Genius Recipes

This Super-Fudgy Flourless Chocolate Cake Has a Genius Star Ingredient

March 14, 2018

Flourless chocolate cakes take all kinds of many-splendored forms—but until now, landing on a fudgy-yet-light, classic birthday cake-like crumb wasn’t one of their strong suits.

Moussey? Why yes. Souffle-ish? Sure! Molten? You bet your Jean-Georges Vongerichten they can do molten.

But this thoroughly modern flourless chocolate cake, from Paula Shoyer’s newest cookbook The Healthy Jewish Kitchen, nails that fudge cake texture—and it doesn’t take some sort of DIY gluten-free flour blend or delicate balancing act of starches to do so.

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It simply takes quinoa. Not quinoa flour, but straight-up cooked quinoa—the Peruvian staple pseudo-grain that you can now find in any grocery store in America, and as a regular fixture in weeknight meal-dom.

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Top Comment:
“This recipe looks delicious, but I live in a place in Italy were I cannot find coconut oil, so if you can please let me know what other oil could be substituted. We can finally get quinoa, and I can good vanilla extract in the UK! Grazie mille! ”
— Olga

In this cake, cooked quinoa gives the cake substance and holds the thing together mightily, without any assistance from other starches or flours—and without tasting strongly of quinoa.

Depending on how powerful your food processor or blender is and how long you let it rip, the only trace of quinoa you may detect is a bit of a nubbly texture, which I happen to love. And, unlike flour, it does all of this while leaving a lot of available moisture to keep the cake deliciously chocolatey and squidgy, as Nigella would say.

Quinoa-based cakes like this one swept through the blogosphere over the past few years, most of them directly or indirectly descended from one published in the cookbook Quinoa365 by Patricia Green and Carolyn Hemming.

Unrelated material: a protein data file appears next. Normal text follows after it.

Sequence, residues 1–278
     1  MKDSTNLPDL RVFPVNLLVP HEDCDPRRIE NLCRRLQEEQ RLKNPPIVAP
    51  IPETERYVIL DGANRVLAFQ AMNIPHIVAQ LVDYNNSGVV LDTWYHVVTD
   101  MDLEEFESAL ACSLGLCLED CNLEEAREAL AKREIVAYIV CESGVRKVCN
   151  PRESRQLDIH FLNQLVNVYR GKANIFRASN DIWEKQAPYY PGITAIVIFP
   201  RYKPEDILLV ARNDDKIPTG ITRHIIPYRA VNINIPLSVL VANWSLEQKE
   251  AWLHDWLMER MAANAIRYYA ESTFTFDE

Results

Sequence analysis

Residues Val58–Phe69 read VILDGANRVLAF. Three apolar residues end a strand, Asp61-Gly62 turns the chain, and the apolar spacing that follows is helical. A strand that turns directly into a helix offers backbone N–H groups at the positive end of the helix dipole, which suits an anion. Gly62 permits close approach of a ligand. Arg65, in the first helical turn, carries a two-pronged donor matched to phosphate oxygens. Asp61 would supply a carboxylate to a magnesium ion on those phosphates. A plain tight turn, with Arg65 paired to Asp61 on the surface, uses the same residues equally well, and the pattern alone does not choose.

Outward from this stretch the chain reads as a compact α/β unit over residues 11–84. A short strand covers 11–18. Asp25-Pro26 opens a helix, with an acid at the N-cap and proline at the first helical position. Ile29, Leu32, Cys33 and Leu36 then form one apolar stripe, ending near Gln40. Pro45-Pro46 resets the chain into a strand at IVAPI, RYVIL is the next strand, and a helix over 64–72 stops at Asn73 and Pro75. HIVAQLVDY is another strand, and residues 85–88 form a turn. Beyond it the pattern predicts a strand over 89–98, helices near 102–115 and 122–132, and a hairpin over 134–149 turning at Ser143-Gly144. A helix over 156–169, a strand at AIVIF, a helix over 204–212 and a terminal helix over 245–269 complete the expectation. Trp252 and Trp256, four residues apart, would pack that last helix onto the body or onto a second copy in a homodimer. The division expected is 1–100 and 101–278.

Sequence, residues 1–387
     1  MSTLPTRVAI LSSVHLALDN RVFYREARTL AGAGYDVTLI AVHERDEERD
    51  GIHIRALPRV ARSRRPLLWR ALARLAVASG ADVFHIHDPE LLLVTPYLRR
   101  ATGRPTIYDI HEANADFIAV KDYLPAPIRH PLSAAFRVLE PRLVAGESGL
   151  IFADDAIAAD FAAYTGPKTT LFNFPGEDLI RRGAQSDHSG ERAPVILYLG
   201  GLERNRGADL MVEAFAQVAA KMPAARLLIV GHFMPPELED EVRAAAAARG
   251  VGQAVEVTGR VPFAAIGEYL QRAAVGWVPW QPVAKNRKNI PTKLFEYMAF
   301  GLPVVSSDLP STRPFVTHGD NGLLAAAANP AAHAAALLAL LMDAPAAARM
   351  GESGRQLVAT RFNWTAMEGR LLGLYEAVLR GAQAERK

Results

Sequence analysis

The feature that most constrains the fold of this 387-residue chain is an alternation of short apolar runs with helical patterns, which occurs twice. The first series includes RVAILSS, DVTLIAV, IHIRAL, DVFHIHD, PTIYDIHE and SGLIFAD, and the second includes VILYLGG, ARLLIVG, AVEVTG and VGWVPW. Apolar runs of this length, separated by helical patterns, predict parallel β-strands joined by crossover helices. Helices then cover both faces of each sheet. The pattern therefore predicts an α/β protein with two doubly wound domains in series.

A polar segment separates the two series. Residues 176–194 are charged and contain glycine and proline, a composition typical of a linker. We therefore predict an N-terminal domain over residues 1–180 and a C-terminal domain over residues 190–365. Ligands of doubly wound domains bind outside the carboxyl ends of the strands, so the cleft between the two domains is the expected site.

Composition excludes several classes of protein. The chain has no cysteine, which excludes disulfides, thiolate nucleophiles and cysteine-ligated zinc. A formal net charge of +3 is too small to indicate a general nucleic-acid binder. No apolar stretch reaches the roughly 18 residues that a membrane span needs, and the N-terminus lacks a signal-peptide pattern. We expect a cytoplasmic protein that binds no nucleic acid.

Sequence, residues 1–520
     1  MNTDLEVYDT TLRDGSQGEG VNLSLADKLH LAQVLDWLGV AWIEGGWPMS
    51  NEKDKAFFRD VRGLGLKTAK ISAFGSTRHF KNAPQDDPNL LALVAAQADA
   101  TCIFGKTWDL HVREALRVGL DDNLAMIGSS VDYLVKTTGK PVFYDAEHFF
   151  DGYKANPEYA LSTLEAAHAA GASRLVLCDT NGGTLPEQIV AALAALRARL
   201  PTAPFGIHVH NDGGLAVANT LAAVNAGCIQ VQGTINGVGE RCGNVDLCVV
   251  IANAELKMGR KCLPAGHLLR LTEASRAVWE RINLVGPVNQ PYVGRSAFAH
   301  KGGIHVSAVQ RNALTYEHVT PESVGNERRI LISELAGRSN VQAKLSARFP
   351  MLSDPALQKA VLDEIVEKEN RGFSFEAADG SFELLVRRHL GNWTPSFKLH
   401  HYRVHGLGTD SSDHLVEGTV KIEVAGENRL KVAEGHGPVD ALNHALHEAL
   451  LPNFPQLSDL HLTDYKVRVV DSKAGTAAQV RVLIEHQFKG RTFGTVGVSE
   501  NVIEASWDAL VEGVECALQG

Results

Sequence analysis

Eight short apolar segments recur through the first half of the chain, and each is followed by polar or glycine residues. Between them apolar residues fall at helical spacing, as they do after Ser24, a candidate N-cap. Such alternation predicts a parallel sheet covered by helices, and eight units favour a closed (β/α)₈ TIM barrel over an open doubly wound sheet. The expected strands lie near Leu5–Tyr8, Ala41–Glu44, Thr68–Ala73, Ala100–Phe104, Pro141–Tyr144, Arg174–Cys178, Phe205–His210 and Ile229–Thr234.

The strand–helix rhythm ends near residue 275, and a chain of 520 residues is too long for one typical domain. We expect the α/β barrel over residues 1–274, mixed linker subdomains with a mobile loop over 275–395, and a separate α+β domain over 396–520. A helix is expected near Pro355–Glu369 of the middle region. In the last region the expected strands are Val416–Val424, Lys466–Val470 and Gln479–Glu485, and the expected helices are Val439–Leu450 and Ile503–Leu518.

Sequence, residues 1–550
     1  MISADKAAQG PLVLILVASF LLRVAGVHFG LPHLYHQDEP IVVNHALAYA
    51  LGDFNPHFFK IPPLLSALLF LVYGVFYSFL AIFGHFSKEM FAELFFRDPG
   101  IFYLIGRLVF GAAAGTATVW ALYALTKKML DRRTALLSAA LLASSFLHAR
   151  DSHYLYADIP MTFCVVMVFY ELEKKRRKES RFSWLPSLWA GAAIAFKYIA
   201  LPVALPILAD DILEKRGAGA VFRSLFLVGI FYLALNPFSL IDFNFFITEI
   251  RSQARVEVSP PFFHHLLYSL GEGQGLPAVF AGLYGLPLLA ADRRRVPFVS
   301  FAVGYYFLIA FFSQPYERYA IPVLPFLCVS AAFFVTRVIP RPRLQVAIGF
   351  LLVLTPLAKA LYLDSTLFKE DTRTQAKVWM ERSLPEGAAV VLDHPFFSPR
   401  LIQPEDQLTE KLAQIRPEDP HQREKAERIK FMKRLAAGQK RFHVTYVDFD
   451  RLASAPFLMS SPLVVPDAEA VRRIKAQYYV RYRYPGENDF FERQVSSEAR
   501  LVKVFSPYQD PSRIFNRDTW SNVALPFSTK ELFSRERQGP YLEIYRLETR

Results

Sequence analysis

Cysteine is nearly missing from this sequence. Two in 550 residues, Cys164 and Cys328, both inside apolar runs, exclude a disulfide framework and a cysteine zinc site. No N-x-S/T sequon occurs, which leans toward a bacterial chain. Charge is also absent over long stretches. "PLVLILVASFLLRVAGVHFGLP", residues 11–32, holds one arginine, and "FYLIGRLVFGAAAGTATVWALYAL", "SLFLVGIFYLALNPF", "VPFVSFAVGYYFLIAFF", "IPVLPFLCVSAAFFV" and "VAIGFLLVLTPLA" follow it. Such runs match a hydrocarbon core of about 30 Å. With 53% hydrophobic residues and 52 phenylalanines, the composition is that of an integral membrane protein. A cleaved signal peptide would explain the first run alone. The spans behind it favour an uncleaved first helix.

When Shoyer heard rumors of such cakes, she set off to research a bunch of different versions (there are, oh, about 12.5 million online now), then went her own way. She needed to make her cake not just gluten-free but dairy-free to keep kosher with meat-based meals, plus she already had a star chocolate cake in mind as a model from her first cookbook, called “Everyone’s Favorite Chocolate Cake.”

So she stitched all of these threads together, adding the fresh orange juice and dark cocoa powder from the earlier cake, swapping in coconut oil, then upping the vanilla to calm the coconut flavor. From another popular recipe of hers, Triple-Chocolate Biscotti, she added some melted chocolate at the end, too, to make this cake even more rich and chocolatey. “You know, I had that kind of brownie thinking in my head,” she told me. When she drove a piece across town to a friend with celiac disease, she heard back, “My girls want a glaze!” And so, a gooey chocolate glaze was born.

Since the book (and the cake) made its debut, Shoyer has tasted the recipe all over the country, baked by different hands. The texture comes out a little differently here and there, depending on the machines people use to blend it—but it’s always a hit.

From all the times we’ve tested and set this recipe out at Food52 HQ—from airier cakes made in our most rickety food processor to perfectly smooth blender versions, I can confirm the same.